PMCID: PMC1009628  PMID: 3395581
6.  Occupational risks for renal cancer in Sweden. 
A systematic assessment was made of the occurrence of renal cancer among men by industrial and occupational classification using the Cancer-Environment Registry, which links cancer incidence (1961-79) and census data (1960) with industry and occupation for all employed individuals in Sweden. Data were analysed separately for cancers of the renal parenchyma and pelvis. Significantly increased risks for renal cell cancer were observed for several professional and white collar occupations, including physicians and others in the health care industry. By contrast, the risks for renal pelvis cancer tended to be higher among blue collar workers, especially in the machine industry. Deficits of both cancers occurred among farmers. The findings of the survey are considered as aetiological clues that may deserve further study, although some associations support observations in other countries.
PMCID: PMC1007792  PMID: 3814543
7.  Biliary tract cancer and occupation in Sweden. 
Using the Cancer-Environment Registry, which links the incidence of cancer (1961-79) and the 1960 census data on industry and occupation for all employed individuals in Sweden, the occurrence of biliary tract cancer (ICD 7th rev 155.1-.9) was systematically assessed according to occupational and industrial classifications. Data are presented separately for cancer of the gall bladder (ICD 155.1) and other cancers of the biliary tract (ICD 155.2-.9) including cancers of the extrahepatic bile ducts, ampulla of Vater, and unspecified bile passages. Statistically significant increased risks for cancer of the gall bladder were observed for men employed in petroleum refining, papermills, chemical processing, shoemaking, and repairing, and for both men and women employed in textile work. A significant increase in the incidence of other cancers of the biliary tract (mostly cancers of the bile duct) was found for such asbestos related employment as shipbuilding and in the wholesale construction materials industry and among insulation workers. These findings should be considered only as clues to aetiological factors, although several are consistent with earlier observations from other countries.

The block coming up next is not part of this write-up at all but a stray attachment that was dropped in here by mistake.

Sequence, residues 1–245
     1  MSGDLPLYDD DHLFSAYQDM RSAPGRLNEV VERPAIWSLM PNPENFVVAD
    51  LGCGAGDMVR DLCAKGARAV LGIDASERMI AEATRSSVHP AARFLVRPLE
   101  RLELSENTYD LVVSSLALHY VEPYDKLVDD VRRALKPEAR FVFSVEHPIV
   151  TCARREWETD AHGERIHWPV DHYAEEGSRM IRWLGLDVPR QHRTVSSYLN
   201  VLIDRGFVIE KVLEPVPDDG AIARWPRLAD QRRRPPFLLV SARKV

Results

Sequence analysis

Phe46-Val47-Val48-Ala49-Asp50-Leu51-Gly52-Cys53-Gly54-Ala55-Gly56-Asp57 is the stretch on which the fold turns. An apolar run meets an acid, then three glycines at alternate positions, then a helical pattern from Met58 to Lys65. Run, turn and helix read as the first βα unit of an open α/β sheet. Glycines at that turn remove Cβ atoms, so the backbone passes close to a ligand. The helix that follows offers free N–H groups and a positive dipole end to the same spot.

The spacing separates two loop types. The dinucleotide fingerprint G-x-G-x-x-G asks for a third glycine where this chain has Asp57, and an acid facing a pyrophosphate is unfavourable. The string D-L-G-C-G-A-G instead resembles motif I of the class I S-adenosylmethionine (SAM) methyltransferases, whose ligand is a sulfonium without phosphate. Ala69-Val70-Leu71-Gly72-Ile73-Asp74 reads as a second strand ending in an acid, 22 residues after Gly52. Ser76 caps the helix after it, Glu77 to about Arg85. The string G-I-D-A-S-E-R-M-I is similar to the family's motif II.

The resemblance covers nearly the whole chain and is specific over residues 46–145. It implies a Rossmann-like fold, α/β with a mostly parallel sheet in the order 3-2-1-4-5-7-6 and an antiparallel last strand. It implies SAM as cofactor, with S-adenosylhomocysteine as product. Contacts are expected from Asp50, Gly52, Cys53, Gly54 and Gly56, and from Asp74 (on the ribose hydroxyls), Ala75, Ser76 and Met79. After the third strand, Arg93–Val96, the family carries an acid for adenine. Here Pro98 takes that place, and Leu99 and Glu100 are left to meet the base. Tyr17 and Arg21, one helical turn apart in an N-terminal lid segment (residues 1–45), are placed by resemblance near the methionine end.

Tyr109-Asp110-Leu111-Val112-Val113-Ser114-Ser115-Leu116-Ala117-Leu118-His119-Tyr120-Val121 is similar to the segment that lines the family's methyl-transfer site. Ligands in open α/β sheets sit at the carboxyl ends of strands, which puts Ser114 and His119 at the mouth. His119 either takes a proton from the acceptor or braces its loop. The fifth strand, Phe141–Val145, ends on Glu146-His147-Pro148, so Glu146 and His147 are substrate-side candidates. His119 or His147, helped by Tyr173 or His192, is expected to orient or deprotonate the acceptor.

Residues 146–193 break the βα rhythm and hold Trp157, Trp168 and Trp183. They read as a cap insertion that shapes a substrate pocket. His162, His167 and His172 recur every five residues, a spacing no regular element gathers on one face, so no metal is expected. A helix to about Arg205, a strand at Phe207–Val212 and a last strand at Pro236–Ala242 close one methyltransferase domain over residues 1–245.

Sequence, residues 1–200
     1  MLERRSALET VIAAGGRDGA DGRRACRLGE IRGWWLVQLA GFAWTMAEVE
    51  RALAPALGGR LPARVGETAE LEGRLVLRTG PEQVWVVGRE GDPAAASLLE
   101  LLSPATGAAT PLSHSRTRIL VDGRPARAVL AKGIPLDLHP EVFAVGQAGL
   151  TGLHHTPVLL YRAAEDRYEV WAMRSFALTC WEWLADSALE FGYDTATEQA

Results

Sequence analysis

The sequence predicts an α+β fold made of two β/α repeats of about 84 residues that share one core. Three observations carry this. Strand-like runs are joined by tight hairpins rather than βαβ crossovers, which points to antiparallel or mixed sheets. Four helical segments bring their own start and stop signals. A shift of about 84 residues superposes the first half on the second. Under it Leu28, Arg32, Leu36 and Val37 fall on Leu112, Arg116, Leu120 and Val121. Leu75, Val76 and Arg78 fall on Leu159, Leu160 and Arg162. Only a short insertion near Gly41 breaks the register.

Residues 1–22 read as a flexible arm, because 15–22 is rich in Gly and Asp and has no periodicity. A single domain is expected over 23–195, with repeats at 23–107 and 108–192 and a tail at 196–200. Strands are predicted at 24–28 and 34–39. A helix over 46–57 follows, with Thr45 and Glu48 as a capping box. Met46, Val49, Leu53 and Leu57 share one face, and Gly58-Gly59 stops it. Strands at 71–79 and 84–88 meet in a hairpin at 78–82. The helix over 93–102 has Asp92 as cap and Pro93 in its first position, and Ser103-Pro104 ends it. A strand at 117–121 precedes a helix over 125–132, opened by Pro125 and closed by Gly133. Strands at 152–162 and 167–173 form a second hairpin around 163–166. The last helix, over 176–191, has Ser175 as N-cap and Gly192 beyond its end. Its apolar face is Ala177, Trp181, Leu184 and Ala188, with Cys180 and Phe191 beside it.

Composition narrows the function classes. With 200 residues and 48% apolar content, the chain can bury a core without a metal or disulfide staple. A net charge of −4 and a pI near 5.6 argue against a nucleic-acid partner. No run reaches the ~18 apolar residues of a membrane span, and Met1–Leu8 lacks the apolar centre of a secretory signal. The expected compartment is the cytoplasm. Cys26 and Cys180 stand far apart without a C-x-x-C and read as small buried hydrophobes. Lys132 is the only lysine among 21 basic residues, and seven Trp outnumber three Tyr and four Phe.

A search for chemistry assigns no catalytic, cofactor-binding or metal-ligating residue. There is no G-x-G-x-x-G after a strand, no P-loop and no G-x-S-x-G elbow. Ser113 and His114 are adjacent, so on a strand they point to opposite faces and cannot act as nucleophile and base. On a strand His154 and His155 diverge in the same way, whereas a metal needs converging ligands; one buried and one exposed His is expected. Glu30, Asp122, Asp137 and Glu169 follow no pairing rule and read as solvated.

PMCID: PMC1007644  PMID: 3964574
8.  Nasal cancer in the textile and clothing industries. 
A case-control study of 160 patients with cancers of the nasal cavity and paranasal sinuses and 290 controls showed an excess risk associated with employment in the textile or clothing industries, with the increase (relative risk [RR] = 2.1) found only among female workers. There was, however, no increasing trend in risk with years of employment or duration since first exposure. Both male and female workers were at an increased risk of adenocarcinoma (RR = 2.5), with further enhancement of risks for those experiencing dusty work conditions. Although aetiological inferences cannot be drawn from this study, the finding of raised risk supports some previous observations and the need for further investigation of the cancer experienced by textile and clothing workers.
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PMCID: PMC1007511  PMID: 4015994
9.  Absenteeism among survivors of the atomic bombing of Hiroshima. 
Atomic bomb survivors who worked at the Atomic Bomb Casualty Commission in Hiroshima during the years 1968-71 and held handbooks identifying them as survivors took significantly more days of both annual leave and sick leave than did matched and paired control subjects. These differences in leave-taking patterns are considered to be due to behavioural causes as they could not be attributed to radiation dose-response effects.
PMCID: PMC1008058  PMID: 1156567

Results 1-9 (9)